YOU know what the best thing about being pregnant is?

Well I don’t, because I’ve never had children, but I’m pretty sure that being made to lick a melted Mars bar out of a disposable nappy while being squealed at by drunk women isn’t it.

No, that’s not a description of a sadistic torture technique from Abu Ghraib. As any woman of child-rearing age will tell you, it is in fact a cornerstone of the rite of passage known as “the baby shower”. And it is awful.

If you’re lucky enough to have somehow avoided being dragged to a baby shower then congratulations, you are probably a man, and therefore enjoy all the societal benefits that brings (a higher salary, greater representation on boards, etc).

However, for your benefit: A baby shower is a “party” at which everyone pretends to enjoy watching a pregnant woman unwrap gifts for two hours and then goes home.

I say “party” because on the off-chance you do get served any alcohol you’ll feel bad drinking it in front of the mum-to-be, and the likelihood of being served any shellfish or soft cheeses (essential for any decent shindig) is slim to none.

When it comes to baby showers most people fall into one of two camps: either you think they’re a fun and essential send-off on the journey into motherhood, or pastel-tinted suckholes of tweeness that make you want to gouge out your own eyes.

No prizes for guessing where I’ve pitched my tent. Here’s why:

1. Your presents are more important than your presence

If everyone were honest we’d call baby showers what they really are: gift collection events. This is why you will be invited to showers for friends you haven’t seen since high school, people you only know via Facebook, and that girl you met once at a party in 2006 but can’t really remember.

Oh, and don’t forget that when the baby is born, you’ll have to buy them another present.

2. Shopping for presents sucks

These days couples seem to like keeping the sex of their unborn baby a secret, like it’s some totally mind-blowing news that needs to be kept under embargo lest it make the cover of Woman’s Day, and not just one of two probable outcomes chiefly of interest to them.

Thanks to this new trend, you’re forced to buy genderless presents which, while admirably progressive, is also virtually impossible, so you just end up getting the same bloody Peppa Pig toy that everyone else got.

Meanwhile, keep in mind that whatever you get it will inevitably embarrass you when you get to the shower and discover everyone else spent at least three times what you did.

3. Baby talk

Unsurprisingly, 98 per cent of the conversation at a baby shower is about babies. This may be fine if you have one, or are about to have one, or have some sort of obsession with babies, but it is grating if you don’t.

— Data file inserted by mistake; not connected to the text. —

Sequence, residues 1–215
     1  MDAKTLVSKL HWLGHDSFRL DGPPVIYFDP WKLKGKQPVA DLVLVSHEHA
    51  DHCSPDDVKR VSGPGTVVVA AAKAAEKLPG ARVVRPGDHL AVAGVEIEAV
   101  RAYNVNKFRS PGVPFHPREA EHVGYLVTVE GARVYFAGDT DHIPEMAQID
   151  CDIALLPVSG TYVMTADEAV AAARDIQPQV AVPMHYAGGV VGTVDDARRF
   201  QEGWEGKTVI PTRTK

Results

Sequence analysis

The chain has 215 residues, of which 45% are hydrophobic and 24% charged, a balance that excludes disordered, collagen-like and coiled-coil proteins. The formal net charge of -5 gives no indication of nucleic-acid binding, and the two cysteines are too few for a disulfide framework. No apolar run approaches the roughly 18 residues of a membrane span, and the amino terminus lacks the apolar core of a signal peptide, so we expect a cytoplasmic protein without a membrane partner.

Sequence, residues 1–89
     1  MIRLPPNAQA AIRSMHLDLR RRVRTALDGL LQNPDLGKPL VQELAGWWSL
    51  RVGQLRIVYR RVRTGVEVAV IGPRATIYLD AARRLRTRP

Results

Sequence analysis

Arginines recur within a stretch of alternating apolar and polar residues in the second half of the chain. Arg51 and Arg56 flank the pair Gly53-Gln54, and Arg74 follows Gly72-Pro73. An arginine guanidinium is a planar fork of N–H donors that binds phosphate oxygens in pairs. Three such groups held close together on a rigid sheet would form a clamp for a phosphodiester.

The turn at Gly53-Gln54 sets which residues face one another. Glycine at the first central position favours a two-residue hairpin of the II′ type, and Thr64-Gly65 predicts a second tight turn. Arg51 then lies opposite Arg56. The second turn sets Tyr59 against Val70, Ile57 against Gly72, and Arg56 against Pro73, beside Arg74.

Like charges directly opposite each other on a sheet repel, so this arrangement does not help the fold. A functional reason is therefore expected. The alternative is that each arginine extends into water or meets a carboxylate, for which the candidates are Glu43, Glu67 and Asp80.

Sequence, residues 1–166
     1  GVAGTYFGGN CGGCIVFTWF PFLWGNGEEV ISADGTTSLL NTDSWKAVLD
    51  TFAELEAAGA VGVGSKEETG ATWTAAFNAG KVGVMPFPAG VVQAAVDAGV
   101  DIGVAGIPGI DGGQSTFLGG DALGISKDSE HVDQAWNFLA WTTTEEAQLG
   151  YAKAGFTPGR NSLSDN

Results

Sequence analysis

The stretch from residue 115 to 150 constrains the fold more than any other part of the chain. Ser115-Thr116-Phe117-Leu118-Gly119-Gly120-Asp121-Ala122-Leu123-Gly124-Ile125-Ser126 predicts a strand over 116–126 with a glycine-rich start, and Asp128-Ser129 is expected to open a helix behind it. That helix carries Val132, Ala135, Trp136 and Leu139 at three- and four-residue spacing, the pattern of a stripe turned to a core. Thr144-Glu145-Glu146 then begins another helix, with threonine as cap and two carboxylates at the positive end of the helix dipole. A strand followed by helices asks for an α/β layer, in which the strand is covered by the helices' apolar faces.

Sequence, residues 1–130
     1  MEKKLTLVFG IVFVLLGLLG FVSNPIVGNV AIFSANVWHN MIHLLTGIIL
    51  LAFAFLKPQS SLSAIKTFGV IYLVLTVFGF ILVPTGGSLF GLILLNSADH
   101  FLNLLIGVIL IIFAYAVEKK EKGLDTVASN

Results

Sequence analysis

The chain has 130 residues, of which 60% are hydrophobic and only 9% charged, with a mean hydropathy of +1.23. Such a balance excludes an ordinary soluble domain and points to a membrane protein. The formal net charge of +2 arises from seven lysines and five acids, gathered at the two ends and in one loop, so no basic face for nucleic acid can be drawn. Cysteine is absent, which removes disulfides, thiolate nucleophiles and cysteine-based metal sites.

If you’re a mother, you will find yourself talking about birthing rituals and sippee cups and percentiles, and possibly swapping stories about placentas, and if you’re not you’ll find yourself continually coming up with new ways to answer the question “so when are you going to have one?”.

4. Party games? What am I, five?

Party games are what children play because they’re too young to get drunk.

We adults wisely avoid them because they are naff and boring — except when it comes to baby showers, where we’re all forced to play them again.

And not just ordinary party games either — BABY themed party games. There’s “pin the dummy on the infant” (like pin the tail on the donkey but more boring), “whose water breaks first” (where everyone is given a frozen plastic baby and tries to melt it), and the “baby sock game” (where you have to pair up baby socks).

The worst though has to be “dirty nappy”, an inexplicably popular game in which guests have to identify various chocolate bars melted into disposal nappies by tasting them.

If standing around trying to melt ice blocks, sort laundry or lick a pretend poo sounds like a fun time to you then you might want to get medically checked for head injuries.

And finally, when it comes to baby showers here’s a little secret for you:

5. Not even the mum-to-be likes it

I asked some mummy friends what they thought of the traditional baby shower. Turns out they all hate it. Here’s what they said:

“I loathe the stereotypical scene of women sitting around watching the mum-to-be unwrap gifts while finding new ways of saying ‘oh, how cute’. That’s why I did drinks at the pub. No games, no faff. It was perfect.”

“I went to one where the friends who organised it went way overboard and the mother-to-be was really overwhelmed. She didn’t enjoy it at all. All the games were active and she was massive so she didn’t have the energy for it. Party damn near induced the baby.”

“My friends threw me a baby shower and I hated it. All these stupid quizzes and games. I mean, we’re 30 — we can entertain ourselves at a party.”

“Baby showers are s**t. My friend had one years ago and then ended up having a stillbirth. She told me that going home from hospital to a nursery overflowing with baby gifts made her grieving journey even harder. For that reason, I never had a baby shower myself.”

So, mums-to-be of Australia, take heed. No one likes baby showers, probably not even you. Forget the twee decorations and lame party games and just have your mates around for a drink and a nibble.

And don’t worry — people will still give you presents.

First published on, July 16, 2015